Our present social atmosphere dictates that if you’re born poor, you’re almost certainly going to stay poor. Conversely, if you’re born in an affluent family, you’ll likely be well-off throughout your life. Social mobility is almost unseen today, and it’s all thanks to the gnawing gap stretching between the two extreme social classes. Sure, it’s easy to go down one level — all you have to do is mess up big time — but climbing the ladder is where it all gets tricky. Juans almost never become Johnnys.
The formula we see here is quite simple: The more money you have, the more opportunities you get; the more opportunities you get, the more money you’ll have. This trend starts early in life, too. Bright kids who grow up poor eventually get outstripped by their less bright but more fortunate peers. It doesn’t matter who deserves more opportunities; brains and talents can only get someone so far. It’s the kids with wealthy parents that get the best things in life. They go to the best schools, eat the best food, and grab the best opportunities. They are granted access to high culture, deservedly or not, because their parents’ wealth has automatically designated them a spot in heaven that their less fortunate peers can only dream of.
Okay, before you judge me of trying to be political, let me stress that my goal here is to provide a philosophical approach to this argument. I feel like I need to make that absolutely clear so that you political junkies out there can hold your water and give my thoughts a chance.
Now that you’ve been sufficiently advised, let’s get down to the nitty-gritty.
Meritocracy: A Satire in Motion
If meritocracy is a new concept to you, don’t worry. Unlike Pynchon on Gravity’s Rainbow, I won’t punish you for the knowledge you lack. Or will I? Anyway, meritocracy is a concept that’s easy to understand — it’s essentially a state where people are judged based on merit, and where merit = ability + effort.
The concept was idealized by Tony Blair, who repeated the same mantra of “meritocracy is good” on different occasions. He was quoted saying, “We are light years from being a true meritocracy” in 1995; “I want a society based on meritocracy” in 1997; and “the meritocratic society is the only one that can exploit its economic potential to the full for all its people” in 2000. Clearly, the man thinks meritocracy is the archetype of all good governments.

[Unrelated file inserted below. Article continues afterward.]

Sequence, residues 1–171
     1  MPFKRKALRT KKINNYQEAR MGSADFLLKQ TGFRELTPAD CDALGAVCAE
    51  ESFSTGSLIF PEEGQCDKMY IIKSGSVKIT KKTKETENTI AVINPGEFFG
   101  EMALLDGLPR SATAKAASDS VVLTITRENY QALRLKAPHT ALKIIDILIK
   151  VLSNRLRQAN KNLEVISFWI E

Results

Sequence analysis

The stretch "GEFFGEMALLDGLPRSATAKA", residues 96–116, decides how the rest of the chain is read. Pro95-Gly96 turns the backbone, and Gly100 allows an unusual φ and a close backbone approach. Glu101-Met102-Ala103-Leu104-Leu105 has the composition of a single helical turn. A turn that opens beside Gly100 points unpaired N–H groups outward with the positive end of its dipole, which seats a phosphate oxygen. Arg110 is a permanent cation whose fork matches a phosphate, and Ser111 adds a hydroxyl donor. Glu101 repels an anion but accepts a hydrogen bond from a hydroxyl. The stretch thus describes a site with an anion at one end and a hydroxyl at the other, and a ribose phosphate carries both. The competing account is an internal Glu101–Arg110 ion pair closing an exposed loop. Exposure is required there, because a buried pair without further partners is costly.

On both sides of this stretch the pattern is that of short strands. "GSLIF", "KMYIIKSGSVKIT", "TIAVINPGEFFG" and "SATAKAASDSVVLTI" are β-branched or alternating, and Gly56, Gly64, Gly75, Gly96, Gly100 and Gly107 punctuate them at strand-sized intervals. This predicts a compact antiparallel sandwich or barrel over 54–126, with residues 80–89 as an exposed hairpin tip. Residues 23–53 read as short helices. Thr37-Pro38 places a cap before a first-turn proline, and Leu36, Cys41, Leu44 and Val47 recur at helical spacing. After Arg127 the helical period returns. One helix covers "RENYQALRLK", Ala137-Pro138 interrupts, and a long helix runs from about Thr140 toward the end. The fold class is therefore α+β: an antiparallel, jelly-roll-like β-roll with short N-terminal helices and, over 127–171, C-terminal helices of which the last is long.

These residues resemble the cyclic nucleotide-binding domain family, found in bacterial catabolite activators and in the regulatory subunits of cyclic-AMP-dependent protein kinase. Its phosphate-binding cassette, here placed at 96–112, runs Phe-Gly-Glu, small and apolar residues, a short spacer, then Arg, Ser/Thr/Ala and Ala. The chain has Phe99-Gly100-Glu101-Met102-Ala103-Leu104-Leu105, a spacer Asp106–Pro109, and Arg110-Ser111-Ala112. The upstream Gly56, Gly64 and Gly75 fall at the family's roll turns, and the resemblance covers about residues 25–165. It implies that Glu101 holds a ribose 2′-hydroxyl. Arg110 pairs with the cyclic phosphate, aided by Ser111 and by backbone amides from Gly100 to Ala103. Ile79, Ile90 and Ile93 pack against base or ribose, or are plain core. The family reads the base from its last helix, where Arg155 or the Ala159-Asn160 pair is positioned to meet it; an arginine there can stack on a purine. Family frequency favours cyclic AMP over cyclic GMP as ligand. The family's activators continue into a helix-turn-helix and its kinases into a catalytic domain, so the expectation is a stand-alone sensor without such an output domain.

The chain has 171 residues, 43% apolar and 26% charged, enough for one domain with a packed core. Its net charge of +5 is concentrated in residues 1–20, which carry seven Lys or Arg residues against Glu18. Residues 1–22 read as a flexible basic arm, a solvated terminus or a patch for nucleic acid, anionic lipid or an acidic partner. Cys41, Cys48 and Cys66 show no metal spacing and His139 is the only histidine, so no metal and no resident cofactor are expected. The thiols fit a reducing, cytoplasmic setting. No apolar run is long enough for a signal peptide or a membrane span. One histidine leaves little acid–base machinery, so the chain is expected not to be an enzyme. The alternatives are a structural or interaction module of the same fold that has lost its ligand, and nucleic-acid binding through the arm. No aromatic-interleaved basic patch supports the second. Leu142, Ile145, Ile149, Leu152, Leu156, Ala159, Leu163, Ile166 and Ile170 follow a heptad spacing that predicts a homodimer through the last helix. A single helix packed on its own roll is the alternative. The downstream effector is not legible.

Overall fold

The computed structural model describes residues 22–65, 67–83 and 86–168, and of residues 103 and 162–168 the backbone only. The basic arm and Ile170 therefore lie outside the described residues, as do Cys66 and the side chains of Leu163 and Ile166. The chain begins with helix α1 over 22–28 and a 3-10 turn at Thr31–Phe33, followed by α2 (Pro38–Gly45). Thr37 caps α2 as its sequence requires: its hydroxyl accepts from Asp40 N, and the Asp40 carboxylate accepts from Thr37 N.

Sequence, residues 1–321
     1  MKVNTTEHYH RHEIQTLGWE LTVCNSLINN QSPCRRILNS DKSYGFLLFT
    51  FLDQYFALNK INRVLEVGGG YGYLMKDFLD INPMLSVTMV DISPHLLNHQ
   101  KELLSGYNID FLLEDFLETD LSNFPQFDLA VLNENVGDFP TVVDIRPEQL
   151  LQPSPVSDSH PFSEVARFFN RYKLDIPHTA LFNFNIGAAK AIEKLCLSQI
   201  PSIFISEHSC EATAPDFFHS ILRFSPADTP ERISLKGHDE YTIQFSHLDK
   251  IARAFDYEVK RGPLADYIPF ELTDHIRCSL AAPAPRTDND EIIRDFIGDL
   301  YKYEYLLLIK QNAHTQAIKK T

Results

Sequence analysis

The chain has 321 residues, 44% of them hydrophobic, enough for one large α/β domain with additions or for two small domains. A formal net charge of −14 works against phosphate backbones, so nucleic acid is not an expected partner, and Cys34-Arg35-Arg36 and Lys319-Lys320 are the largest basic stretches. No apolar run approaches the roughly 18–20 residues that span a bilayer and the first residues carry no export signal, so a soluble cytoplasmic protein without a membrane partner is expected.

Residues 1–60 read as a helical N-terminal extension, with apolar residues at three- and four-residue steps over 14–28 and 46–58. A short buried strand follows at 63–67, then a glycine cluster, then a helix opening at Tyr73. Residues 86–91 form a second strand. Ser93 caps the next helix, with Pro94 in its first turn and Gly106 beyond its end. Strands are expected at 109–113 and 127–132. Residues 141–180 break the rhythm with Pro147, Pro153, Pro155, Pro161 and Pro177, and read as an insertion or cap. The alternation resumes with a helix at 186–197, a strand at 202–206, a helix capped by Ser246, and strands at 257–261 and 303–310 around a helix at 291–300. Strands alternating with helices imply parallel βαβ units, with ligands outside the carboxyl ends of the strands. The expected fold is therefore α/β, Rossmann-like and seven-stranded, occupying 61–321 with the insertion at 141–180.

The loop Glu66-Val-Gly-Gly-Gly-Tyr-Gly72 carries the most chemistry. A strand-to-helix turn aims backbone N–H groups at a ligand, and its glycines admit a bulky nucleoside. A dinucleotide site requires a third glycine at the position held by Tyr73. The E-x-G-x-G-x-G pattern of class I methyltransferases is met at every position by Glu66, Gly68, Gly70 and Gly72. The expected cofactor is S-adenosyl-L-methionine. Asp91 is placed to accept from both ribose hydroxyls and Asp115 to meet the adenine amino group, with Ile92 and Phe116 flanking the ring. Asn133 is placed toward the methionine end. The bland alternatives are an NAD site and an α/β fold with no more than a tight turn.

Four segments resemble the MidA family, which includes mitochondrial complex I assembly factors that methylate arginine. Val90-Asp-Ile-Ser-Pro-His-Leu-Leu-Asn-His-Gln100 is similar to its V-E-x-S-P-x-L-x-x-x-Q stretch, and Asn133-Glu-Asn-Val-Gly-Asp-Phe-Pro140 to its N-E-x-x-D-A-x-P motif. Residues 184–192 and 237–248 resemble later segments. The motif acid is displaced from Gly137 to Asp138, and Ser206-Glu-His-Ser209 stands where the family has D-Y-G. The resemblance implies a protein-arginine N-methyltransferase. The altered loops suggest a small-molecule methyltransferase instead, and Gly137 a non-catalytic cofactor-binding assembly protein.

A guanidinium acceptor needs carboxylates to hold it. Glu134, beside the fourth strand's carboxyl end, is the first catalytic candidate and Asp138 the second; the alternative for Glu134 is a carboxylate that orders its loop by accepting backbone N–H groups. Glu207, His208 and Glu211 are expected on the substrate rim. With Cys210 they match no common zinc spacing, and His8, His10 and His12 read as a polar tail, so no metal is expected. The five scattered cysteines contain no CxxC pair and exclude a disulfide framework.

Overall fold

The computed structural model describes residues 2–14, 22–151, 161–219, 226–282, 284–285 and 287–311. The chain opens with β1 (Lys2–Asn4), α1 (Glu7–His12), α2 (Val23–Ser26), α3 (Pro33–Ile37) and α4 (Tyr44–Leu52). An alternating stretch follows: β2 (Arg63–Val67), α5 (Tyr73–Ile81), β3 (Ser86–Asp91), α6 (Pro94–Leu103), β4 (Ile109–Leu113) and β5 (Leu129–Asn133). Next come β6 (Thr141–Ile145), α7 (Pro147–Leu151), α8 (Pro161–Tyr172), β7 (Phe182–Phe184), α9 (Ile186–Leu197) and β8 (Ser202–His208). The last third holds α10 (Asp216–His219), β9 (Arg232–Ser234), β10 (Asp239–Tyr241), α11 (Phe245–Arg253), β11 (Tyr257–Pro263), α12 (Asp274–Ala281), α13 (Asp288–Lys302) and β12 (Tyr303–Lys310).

Here’s what’s funny, though. Michael Young, who coined the term “meritocracy,” originally meant it to be disparaging. The word first appeared in his 1958 book, “The Rise of the Meritocracy,” a satire presenting a future where social classes are determined based on merit. He intended to expose the absurdity of a meritocratic world, which may look like a fair and just society from a distance but is actually harsh and unforgiving upon closer inspection.
Young’s tone of ridicule and derision was almost hard to miss, yet many still managed to turn his book into a bible for a utopian world. Tony Blair wasn’t alone in his advocacy. Theresa May, another notable politician who believes in the soundness of meritocracy, said in her September 2016 speech that she wanted Britain to be “the world’s great meritocracy.” Another defender of this controversial concept is Daniel Bell — although in all fairness to him, he said he wanted a “well-tempered meritocracy,” in which the privileged looked after the less fortunate.
Michael Young, as most writers are wont to do, made his book with a goal in mind. For him, that was to warn us of the folly that we’re headed to. Although Young’s predictions missed the mark because meritocracy in its purest form never fully materialized, it would be a mistake to dismiss them entirely. We’re living in a world that is close to what he envisioned. Think of a half-baked clone — some of the characteristics of the original are there, but you can’t really say you have an exact replica.